The 48th iteration of the Top Management Programme for Higher Education (TMP HE) will start in January 2022 with an updated focus on leadership in changing times due to the global pandemic and the difficulties this has caused throughout the world.
To find out how the programme had been adapted and why it is so important in these unpredictable times, we met (virtually) with programme directors Louisa Hardman and Robin Ryde to discuss.
Opening with what they describe as TMP’s defining characteristic “that [it] has always adapted to the changing context of higher education”, Louisa and Robin discuss:
- the main challenges for executive leadership at present
- how the programme is going to be delivered in these changing times
- how the lessons from the programme stay with participants throughout their careers…
Louisa points to six key challenges as the backdrop for the programme: contextual – making sense of the changing world; organisational – how do we lead organisational change at a transformational level; technical – managing money, sustainability and digital capacity; relational – mobilising teams, creating engagement, sustaining cultures for performance and addressing inequalities; personal – maintaining personal effectiveness and resilience; political – how do we ensure the sector remains politically astute.
Discussing the format of the programme, they highlight the key elements of the three week long modules:
- Week 1 – focusing on change, strategy and leading the institution
- Week 2 – ‘International’, understanding how global HE is responding to shared challenges
- Week 3 – focusing on governance and place (civic/political/societal).
They also commend the positives of the more blended approach which has allowed for more opportunity to “plug in the right kind of expertise” at any point in the programme, wherever they are in the world. Small – ‘impact’ – group work, 360s and coaching also continue to be key features of the programme and provide personal connections and networks.
Talking about the ongoing impact of TMP and how the learning stays with delegates after the programme ends, they highlight the deliberate process on TMP HE to “encourage deep and lasting networks” by building understanding and trust and authenticity between members of the group, alongside the adaptive models, frameworks and insights of best practice used throughout the programme about how to deal with particular situations as leaders. Louisa noted the “hunger for a network” in the context of “lonely” senior roles and how professional and personal friendships live on beyond the programme. They noted how reflective practice and personal development helped to build confidence and resilience for the leadership challenges ahead.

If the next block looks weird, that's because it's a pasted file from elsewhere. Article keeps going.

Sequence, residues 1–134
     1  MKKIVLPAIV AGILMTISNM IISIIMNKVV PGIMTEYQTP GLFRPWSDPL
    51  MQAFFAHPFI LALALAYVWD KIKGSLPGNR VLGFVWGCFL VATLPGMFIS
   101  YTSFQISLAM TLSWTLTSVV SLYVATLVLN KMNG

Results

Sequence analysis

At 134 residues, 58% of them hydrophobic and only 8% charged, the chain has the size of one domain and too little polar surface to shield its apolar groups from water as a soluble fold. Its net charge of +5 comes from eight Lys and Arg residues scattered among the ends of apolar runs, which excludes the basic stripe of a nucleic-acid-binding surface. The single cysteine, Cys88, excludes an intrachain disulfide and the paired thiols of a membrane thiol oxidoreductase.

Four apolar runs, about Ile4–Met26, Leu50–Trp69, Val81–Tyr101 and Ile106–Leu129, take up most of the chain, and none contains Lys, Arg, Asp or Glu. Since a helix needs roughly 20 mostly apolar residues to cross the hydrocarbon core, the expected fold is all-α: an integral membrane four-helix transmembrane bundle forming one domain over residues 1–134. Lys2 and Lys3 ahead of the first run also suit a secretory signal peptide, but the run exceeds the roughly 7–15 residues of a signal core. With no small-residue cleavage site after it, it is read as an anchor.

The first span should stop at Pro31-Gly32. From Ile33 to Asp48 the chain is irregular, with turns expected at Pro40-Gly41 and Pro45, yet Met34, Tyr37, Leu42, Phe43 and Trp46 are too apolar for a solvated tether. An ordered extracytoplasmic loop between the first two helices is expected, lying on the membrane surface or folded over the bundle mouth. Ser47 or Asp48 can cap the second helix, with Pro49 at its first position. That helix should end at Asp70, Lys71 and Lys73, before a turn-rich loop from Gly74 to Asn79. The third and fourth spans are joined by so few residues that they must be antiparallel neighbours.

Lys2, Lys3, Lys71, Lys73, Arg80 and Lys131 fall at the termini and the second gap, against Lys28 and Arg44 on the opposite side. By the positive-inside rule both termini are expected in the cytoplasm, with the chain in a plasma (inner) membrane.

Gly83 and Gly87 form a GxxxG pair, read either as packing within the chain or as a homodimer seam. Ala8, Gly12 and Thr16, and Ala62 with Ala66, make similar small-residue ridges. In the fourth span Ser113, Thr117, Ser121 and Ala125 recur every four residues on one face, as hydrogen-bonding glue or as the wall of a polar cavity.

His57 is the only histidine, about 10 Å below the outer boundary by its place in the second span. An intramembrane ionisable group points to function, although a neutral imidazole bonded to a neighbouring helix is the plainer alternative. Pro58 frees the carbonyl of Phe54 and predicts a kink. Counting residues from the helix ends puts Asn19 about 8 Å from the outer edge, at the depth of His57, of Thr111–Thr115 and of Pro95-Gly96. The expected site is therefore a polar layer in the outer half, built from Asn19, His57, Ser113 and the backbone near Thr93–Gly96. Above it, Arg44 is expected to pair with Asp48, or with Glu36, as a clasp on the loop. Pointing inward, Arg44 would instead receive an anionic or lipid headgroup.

Watch the conversation with Louisa and Robin below:
About the programme directors:
Louisa Hardman is an experienced board and executive team coach with experience working in higher education, health, central and local government, broadcasting, publishing, professional services, transport, social housing, retail, distribution, finance, membership organisations, trades unions and the police.
Robin Ryde is an author, leadership and organisation development expert, and former Chief Executive of the UK National School of Government. He has been a director with the UK Cabinet Office, director with the UK National Audit Office and he currently holds the role of programme director with the Australia and New Zealand School of Government (ANZSOG).